Khan Academy

Baby Steps: Tackling my First Feature

Did you know that Khan Academy not only has videos, exercises, and computer programs but also articles as well? These articles form a major part of the art history curriculum as of today (6/1/2015), and as of this date I have yet to find someone outside the company who knew that they existed. If all goes well hopefully that’ll change real soon! I’ll plan to write about my project in detail soon; this sentence will probably show up in a lot more posts in the meantime.

There’s a lot of things that need to happen to ready the article writing system before the school year starts again. Here’s what my mentor Alex and I tackled first.

The Slug Problem

When an article is written on the platform, it receives a specific URL ending called a slug. For example, when you visit the article I linked above you can see the slug is a-brief-history-of-western-culture. (The /a/ right before it in the URL is the content type: it says that this link points to an article.) Now I can copy and paste that URL all over the internet to show all my friends how cool art history is! That slug is inferred from the title of the article, so if I wrote an article titled “Hello world”, the slug would automatically get set to something like hello-world, and if I change the title to “Hello world v2”, the slug will be updated to look like hello-world-v2.

And there’s the problem: when the slug changes, all previous links to that article break.

Goodbye world.

So, we have to decouple the article’s slug from its title so that changing one does not change the other.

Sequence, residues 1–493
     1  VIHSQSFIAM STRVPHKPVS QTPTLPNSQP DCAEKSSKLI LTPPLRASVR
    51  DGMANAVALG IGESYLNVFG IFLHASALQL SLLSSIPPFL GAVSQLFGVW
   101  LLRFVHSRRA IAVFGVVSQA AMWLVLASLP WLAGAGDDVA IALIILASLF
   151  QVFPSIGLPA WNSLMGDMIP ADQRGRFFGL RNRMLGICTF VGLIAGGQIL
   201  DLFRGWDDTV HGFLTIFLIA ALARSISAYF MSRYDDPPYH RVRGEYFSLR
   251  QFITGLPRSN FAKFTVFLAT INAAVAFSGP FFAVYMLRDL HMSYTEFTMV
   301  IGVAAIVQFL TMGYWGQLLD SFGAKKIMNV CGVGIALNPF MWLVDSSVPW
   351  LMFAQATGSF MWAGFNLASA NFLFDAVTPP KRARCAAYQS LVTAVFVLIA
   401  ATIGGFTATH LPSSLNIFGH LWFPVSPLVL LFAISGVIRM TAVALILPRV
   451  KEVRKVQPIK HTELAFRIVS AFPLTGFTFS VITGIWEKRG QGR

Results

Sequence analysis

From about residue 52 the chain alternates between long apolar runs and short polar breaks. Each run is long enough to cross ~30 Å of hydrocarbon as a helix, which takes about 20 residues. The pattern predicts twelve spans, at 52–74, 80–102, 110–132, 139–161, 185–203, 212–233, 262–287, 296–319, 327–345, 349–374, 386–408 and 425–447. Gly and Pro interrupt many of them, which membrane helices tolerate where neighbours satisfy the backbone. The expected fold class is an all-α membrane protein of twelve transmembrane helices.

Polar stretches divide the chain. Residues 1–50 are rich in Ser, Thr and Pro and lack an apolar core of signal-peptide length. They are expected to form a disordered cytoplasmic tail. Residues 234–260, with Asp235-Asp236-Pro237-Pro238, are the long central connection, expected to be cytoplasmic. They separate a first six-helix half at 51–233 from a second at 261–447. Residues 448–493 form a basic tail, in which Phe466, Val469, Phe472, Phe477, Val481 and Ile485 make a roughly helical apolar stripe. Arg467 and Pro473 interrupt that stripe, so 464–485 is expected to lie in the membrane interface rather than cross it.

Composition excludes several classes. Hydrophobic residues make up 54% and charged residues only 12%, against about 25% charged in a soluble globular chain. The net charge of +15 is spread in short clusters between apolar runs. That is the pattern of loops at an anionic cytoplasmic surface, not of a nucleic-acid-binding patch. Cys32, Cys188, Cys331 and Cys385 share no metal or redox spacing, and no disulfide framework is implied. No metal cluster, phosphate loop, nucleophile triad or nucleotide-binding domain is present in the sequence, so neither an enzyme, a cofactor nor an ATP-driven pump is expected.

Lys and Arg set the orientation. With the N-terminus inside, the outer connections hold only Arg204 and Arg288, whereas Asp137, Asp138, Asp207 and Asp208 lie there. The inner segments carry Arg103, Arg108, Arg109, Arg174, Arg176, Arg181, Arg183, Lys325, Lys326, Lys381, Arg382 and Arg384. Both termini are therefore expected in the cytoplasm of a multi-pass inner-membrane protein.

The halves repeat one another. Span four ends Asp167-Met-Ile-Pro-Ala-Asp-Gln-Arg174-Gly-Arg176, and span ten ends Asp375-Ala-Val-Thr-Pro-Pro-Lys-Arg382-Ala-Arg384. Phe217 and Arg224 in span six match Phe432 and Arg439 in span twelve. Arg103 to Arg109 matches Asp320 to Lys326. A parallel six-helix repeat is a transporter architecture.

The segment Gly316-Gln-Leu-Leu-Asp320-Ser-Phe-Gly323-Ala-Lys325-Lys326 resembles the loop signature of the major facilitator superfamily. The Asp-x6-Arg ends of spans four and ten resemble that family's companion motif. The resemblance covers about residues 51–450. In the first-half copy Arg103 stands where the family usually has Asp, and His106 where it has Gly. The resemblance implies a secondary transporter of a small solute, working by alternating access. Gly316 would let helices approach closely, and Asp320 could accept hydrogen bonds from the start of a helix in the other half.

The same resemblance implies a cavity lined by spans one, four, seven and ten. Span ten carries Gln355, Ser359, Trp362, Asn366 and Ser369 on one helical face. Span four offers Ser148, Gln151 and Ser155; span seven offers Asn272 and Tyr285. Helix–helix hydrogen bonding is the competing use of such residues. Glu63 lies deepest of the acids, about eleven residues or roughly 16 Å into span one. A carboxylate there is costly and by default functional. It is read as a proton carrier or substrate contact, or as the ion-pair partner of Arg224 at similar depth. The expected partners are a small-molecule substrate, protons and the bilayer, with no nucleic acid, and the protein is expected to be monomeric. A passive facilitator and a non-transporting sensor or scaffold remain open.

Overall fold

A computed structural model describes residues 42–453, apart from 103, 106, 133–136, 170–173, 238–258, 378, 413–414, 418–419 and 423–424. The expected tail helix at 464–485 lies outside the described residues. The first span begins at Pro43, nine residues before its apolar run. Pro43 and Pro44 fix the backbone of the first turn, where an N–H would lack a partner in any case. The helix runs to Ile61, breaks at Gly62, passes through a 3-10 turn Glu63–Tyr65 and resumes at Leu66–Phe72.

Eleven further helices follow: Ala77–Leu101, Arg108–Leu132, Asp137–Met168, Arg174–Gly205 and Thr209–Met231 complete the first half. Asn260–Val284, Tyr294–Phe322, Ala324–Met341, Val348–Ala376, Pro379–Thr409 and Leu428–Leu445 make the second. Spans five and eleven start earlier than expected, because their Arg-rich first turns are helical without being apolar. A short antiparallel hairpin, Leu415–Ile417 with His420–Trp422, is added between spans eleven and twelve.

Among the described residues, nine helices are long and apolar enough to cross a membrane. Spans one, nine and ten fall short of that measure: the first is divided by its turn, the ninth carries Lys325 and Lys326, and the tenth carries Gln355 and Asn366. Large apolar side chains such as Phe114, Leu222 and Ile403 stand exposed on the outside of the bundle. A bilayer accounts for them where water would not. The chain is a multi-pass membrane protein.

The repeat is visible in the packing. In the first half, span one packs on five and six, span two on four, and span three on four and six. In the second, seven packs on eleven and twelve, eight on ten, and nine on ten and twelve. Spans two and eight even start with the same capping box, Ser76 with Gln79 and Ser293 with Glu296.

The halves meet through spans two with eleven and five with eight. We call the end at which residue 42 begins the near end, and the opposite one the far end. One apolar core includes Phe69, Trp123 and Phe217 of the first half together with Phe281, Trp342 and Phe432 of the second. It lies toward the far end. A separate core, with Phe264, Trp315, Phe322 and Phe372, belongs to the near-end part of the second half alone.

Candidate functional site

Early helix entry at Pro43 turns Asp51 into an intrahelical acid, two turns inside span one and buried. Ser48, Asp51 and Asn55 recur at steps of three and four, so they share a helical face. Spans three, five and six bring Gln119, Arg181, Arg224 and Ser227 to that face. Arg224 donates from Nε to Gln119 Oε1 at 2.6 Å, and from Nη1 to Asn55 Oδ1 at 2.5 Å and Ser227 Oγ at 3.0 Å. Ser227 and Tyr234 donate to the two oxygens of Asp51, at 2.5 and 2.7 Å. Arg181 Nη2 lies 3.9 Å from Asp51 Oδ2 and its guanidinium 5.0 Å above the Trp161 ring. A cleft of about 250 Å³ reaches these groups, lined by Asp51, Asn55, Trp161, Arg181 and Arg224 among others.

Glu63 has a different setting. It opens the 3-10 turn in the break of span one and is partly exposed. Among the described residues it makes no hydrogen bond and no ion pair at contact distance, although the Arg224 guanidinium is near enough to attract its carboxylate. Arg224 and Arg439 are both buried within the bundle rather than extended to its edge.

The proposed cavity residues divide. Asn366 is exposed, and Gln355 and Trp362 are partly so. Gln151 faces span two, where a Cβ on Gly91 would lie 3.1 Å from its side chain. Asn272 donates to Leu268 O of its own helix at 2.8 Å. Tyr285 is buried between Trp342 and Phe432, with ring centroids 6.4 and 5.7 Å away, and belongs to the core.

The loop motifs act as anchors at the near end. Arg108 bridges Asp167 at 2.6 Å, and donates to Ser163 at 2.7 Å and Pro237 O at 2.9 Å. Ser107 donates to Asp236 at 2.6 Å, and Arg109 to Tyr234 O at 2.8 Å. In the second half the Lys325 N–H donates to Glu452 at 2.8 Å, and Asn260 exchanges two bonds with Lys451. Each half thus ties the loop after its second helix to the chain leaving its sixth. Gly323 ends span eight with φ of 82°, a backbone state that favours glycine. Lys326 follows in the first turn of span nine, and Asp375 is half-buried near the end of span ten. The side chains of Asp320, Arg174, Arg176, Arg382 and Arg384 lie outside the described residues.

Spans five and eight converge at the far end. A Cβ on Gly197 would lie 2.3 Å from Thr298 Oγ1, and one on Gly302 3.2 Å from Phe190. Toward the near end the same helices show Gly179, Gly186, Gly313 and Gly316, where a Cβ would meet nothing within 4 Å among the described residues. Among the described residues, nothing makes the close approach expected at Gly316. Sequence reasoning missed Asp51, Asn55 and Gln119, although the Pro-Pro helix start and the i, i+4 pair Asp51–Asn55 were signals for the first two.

(For KA folks: here’s my diff, although it’s a bit noisy since I did another closely related feature along with this one.)

Tackling the Feature

We started out with the interface itself. Alex walked me through the relevant parts in the UI that would change while I asked questions.

We came up with a high level breakdown of the final result as follows:

  1. Add a “Slug” input field to the article editor.
  2. When that field is edited, grab the result and send it to the server.
  3. Save the new value of the field into the datastore for an article.

As it turns out, our exploration revealed that videos already have this functionality so there was code we could reference. This was especially helpful since this was my first time ever looking into the codebase and there was a whole lot I was unfamiliar with.

We started with the interface. In a large codebase, how I even know which file to edit so that my changes show up in the right places? Alex taught me perhaps the simplest way to do so using the find-all / grep functionality in Sublime. Essentially, we look for text on the page that looks hardcoded in and search for all occurrences, hoping that one of the search results will be what we want it to be.

wherewhenThank goodness for Cmd+Shift+F

Easy! article-edit-view.jsx was the file that rendered in that view. If the view uses React, another simple way to find stuff is to use Inspect Element and the React Devtools extension to find the React component and then finding all occurrences of that.

foundreactNow I can grep for ArticleEditView directly.

foundreact2Find-all makes hide-and-seek a little one-sided.